This statement is not at all false. In fact, Christians must engage culture and improve (like salt and light) the civilization in which it exists. Yet, Christians must own as first priority the fame of Christ and the spread of His kingdom. Our appeals, then, should first be for Christ’s reputation instead of western values. While we can and should join as cobelligerents with the Italian bishops advocating for aid on the basis of a “humanitarian tragedy,” we must pray for Christ to be exalted through the witness of His faithful saints. We must pray that our suffering sisters and brothers would hold fast to that which has been given to them because Christ is coming quickly and bringing his reward to those whose garments are not stained with the sin of the surrounding society.

While Christians should advocate politically for religious freedom for all, we should also remind each other to recognize the difference between Christian persecution Mosul Iraqreligious freedom and persecution. The Constitution speaks of religious freedom; the New Testament speaks of persecution. One is a human right, the other a divine blessing.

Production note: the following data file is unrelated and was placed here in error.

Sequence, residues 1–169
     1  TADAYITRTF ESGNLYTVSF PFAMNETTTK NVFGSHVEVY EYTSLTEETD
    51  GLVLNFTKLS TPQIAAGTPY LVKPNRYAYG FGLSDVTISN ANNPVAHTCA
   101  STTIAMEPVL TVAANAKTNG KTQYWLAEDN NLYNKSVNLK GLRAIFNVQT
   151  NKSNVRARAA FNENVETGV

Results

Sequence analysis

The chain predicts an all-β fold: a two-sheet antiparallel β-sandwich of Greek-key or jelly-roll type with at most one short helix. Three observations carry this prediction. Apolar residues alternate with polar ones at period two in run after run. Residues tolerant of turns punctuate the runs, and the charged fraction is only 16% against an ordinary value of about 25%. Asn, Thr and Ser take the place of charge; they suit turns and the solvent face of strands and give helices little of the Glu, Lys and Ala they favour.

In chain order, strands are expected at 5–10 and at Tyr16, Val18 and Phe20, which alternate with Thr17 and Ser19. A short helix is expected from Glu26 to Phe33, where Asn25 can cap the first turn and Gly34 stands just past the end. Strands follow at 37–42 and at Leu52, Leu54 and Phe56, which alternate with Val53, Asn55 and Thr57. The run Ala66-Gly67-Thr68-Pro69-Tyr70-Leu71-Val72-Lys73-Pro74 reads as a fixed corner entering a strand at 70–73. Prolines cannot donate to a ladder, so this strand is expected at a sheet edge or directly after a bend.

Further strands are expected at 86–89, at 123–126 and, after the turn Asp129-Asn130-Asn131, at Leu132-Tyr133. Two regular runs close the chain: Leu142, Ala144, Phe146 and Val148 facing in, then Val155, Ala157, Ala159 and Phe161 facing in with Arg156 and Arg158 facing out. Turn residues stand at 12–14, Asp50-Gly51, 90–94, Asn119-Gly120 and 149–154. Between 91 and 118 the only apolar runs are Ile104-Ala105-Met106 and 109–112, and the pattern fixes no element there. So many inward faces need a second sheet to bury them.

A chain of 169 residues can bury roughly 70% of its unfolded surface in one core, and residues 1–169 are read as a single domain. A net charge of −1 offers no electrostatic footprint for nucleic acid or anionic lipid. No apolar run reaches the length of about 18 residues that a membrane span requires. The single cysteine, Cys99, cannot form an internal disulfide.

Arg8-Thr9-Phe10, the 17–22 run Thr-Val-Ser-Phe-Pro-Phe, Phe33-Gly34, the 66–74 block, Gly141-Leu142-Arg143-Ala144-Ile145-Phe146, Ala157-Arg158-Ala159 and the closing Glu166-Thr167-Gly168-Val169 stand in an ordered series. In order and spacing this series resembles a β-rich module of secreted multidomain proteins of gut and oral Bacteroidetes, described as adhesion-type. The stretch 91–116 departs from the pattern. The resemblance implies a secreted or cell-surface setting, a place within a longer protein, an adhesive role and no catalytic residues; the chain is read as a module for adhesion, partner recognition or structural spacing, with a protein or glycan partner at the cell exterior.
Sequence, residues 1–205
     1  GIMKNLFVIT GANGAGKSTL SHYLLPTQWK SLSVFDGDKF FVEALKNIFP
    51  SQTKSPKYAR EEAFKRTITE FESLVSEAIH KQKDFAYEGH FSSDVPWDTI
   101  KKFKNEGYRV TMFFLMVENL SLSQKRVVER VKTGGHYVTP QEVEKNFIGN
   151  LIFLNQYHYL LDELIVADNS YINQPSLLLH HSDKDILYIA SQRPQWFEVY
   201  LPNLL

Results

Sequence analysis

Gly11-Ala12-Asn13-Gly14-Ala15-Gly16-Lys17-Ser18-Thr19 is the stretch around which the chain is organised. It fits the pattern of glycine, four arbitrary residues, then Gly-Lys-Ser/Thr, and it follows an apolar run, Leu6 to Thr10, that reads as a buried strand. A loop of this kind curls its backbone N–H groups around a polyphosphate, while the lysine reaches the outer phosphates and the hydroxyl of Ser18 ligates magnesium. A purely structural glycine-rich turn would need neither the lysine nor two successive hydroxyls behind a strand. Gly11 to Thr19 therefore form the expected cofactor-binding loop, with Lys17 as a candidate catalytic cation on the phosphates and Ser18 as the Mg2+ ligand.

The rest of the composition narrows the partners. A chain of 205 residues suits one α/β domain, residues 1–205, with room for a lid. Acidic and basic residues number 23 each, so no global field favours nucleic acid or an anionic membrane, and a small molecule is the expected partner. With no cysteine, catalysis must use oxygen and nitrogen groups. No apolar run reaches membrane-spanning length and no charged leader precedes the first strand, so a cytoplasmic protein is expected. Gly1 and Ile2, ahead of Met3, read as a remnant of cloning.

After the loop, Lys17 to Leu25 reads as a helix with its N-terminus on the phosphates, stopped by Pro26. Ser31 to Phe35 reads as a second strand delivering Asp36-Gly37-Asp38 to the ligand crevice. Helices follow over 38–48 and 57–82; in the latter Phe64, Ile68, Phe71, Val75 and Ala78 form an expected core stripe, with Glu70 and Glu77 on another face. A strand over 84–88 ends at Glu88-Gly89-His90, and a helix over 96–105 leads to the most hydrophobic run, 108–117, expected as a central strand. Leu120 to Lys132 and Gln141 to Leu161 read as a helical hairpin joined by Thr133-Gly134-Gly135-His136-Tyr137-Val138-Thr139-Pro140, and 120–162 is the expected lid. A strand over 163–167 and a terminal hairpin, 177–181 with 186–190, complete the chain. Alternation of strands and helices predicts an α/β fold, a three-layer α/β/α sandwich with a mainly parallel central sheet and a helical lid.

As Christians continue to feel the pressure of persecution in Nigeria and Iraq, the steam of faith should rise up through the prayers of believers to Christ in heaven.  Our hope is anchored there, in Him—not in America’s chariots or the U.N.’s horses—not in Europe’s civilized past nor in the present “Universal Declaration of Human Rights.” We must keep our eyes fixed on Jesus, the author and finisher of our faith, who lives to make intercession for us.

(To be continued…)

3 Ways to Stand for Religious Liberty without Falling for a Political Agenda 

The Difference Between Religious Freedom and Persecution

Why Christians Must Fight for Religious Liberty

Timeline of How Christians Were Eliminated in Mosul, Iraq


I don’t remember what I was doing on June 10th.  It was a regular work week for me. Since then, I have done some planning for the Fall 2014 semester,Christian persecution Mosul Iraq and I have made a couple of trips to the airport so my kids could travel to see family. All in all, nothing much has changed for me and my family since June 10th.  But we don’t live in Mosul, Iraq.